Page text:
Monotheism

Monotheism that maintains that there is only one transcendent God.  The Israelite belief in Yahweh, their one God, was the prime example of monotheism.  Islamic faith with its belief in one God, Allah, is another later example of monotheism.  Christianity took from Judaism its monotheism, but changed the Yahweh monotheism into a triune God of Father, Son and Holy Spirit.

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The powerless idols (Bar 6:53-5:56)

“These false idols cannot

Set up a king

Over a country.

They cannot

Give rain

To people.

They cannot

Judge

Their own cause.

They cannot

Deliver anyone

Who is wronged.

They have no power.

They are like crows

Between heaven and earth.

When fire breaks out

In a temple

Of wooden gods,

Overlaid with gold

Or silver,

Their priests will flee.

They will escape.

But the gods

Will be burned up

Like timbers.

Besides,

They can offer

No resistance

To a king

Or any enemies.

Why then must

Anyone admit

Or think

That they are gods?”

This author maintains that these false idols cannot set up a king over a country. They cannot give rain to anybody. They cannot judge their own cause. They cannot deliver anyone that has been wronged, since they have no power. They are like crows in the sky. If a fire breaks out in a temple of wooden gods with gold and silver, their priests will flee and escape. However, these idol gods will be burned up like timbers. These weak false idols cannot offer any resistance to a king or any enemies. How then can you think or admit that they are gods?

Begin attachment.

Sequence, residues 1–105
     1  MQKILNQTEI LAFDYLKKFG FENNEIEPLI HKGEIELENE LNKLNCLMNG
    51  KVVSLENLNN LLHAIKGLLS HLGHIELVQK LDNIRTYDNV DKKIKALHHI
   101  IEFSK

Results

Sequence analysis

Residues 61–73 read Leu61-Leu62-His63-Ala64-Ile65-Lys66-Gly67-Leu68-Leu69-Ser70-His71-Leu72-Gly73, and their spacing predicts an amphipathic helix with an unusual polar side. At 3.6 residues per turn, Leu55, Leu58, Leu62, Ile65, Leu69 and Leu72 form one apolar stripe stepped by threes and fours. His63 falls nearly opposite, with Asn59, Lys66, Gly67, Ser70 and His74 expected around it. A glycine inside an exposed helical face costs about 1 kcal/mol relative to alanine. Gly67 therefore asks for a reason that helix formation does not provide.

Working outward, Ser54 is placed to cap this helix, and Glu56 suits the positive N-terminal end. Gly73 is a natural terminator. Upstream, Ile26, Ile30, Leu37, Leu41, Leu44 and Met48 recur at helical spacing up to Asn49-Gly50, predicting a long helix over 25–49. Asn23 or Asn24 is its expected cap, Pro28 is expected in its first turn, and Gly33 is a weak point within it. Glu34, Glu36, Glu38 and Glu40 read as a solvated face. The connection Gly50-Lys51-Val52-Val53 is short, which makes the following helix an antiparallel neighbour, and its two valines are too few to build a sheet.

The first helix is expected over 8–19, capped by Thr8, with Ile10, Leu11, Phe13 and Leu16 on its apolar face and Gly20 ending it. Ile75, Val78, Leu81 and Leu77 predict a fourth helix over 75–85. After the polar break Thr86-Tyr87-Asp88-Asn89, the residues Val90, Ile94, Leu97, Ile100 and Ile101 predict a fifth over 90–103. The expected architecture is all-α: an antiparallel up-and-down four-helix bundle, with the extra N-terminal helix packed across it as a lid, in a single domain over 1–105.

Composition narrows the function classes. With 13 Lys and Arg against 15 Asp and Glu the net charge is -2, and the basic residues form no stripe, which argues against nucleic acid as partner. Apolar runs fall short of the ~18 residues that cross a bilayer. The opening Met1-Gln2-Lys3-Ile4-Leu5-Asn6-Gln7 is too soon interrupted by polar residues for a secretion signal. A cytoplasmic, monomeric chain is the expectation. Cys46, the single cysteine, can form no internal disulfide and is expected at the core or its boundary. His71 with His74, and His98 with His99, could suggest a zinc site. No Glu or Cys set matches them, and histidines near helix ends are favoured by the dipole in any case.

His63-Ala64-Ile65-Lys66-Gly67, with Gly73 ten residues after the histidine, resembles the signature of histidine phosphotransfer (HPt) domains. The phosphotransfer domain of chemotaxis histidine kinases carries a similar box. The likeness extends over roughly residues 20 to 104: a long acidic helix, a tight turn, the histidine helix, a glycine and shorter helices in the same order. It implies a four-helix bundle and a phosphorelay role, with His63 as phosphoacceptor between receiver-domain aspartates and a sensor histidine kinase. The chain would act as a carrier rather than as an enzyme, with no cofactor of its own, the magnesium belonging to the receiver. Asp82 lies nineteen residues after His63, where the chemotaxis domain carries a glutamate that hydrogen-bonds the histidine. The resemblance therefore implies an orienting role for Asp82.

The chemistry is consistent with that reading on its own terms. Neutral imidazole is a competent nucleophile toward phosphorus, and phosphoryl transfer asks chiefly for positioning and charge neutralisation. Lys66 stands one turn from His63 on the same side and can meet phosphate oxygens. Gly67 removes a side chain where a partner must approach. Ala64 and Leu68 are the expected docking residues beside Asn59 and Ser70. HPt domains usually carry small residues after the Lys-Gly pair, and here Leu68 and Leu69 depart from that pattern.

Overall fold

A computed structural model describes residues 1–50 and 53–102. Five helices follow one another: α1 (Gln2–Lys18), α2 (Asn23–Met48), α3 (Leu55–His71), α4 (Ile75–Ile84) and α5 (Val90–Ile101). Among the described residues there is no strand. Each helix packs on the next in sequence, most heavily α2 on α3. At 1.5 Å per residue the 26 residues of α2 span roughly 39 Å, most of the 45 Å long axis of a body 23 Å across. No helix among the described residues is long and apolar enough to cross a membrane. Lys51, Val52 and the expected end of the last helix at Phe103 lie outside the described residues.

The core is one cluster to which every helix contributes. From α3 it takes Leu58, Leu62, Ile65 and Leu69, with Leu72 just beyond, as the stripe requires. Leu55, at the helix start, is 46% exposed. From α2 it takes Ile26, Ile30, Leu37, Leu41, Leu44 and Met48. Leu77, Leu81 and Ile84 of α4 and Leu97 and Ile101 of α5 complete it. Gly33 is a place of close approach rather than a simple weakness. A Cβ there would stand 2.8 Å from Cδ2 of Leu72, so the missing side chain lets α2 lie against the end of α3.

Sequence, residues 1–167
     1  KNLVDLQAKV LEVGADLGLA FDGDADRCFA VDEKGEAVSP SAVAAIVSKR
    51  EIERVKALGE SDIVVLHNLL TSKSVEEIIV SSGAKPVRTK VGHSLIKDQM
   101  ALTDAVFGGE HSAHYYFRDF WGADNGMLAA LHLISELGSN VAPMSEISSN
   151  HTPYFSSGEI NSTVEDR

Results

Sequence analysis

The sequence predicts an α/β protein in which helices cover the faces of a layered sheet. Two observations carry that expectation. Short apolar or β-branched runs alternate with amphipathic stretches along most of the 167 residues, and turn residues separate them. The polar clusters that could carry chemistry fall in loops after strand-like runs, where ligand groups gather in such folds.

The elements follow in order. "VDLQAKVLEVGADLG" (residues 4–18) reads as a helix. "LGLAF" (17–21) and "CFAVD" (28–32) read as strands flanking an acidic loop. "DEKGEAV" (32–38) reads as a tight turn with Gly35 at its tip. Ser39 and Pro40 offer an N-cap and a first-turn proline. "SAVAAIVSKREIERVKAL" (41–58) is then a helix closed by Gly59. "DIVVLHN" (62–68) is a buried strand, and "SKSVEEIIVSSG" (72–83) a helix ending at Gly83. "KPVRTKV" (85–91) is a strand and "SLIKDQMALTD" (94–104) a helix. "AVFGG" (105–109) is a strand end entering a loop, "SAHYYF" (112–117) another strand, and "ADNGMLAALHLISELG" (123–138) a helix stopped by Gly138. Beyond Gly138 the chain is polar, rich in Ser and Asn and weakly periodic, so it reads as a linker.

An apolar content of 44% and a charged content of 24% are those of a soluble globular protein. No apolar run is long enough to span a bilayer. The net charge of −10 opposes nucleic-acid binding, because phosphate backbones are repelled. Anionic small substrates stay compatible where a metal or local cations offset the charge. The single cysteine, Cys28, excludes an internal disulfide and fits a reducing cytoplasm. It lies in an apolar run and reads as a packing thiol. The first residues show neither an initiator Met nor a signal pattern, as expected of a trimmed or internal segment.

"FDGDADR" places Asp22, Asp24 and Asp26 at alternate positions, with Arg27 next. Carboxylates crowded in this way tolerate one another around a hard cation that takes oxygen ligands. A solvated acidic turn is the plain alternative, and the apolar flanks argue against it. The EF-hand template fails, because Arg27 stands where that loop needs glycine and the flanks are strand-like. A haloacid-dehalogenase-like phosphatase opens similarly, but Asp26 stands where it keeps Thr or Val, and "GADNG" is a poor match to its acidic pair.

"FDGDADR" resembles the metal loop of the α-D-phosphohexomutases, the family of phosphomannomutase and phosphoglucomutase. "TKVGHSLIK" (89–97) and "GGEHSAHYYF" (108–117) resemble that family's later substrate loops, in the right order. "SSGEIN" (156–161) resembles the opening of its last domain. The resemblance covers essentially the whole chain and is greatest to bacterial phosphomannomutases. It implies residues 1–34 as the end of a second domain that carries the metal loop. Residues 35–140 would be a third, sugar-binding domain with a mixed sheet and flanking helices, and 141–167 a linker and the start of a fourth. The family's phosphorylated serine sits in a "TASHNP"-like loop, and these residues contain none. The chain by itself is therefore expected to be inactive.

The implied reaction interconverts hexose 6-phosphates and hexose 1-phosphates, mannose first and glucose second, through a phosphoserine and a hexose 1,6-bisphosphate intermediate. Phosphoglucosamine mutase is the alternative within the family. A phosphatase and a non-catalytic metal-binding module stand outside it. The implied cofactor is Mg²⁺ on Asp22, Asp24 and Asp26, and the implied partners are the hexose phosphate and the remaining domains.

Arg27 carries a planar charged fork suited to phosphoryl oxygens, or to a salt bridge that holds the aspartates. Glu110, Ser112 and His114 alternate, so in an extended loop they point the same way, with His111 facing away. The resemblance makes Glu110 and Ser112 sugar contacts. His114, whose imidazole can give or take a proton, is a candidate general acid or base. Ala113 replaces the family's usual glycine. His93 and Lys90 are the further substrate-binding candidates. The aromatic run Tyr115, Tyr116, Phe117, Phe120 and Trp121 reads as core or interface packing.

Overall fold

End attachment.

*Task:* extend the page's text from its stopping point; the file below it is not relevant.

Which is worse death or captivity? (Jer 22:10-22:10)

“Do not weep for him

Who is dead!

Do not bemoan him!

Rather weep for him

Who goes away!

He shall return no more

To see his native land.”

Jeremiah poses the problem. Which is worse? Was it better to die or to be sent into captivity? In fact, Jeremiah says that they should not weep or bemoan the dead. Instead they should weep for those who are going away, never to see their native land. Jeremiah maintains that captivity was worse than death. Was that a common thought? That is a strange way to look at it, but it does denote the great importance of the Promised Land to the Israelites.

Avoid the wicked (Prov 4:14-4:17)

“Do not enter the path of the wicked.

Do not walk in the way of evildoers.

Avoid it!

Do not go on it!

Turn away from it!

Pass on!

They cannot sleep

Unless they have done wrong.

They are robbed of sleep

Unless they have made some one stumble.

They eat the bread of wickedness.

They drink the wine of violence.”

This father maintains that they should not enter the path of the wicked. They were not to walk with evildoers. They were to avoid them, turn away, and pass them by. These evildoer wicked people cannot sleep until they have done something wrong or made someone stumble. They eat wicked bread and drink violent wine. These metaphors tend to emphasis the evil nature of these people. Their very eating and drinking leads them further into evil ways.

The enemies (Ps 54:3-54:3)

“The insolent men have risen against me.

Ruthless men seek my life.

They do not set God before them.”

Selah

The insolent men have risen against David. This could be the men who reported to King Saul or King Saul and his men. They are ruthless men who are seeking the life of David. He maintains that they do not set God before them. This verse has a musical interlude meditative pause, Selah.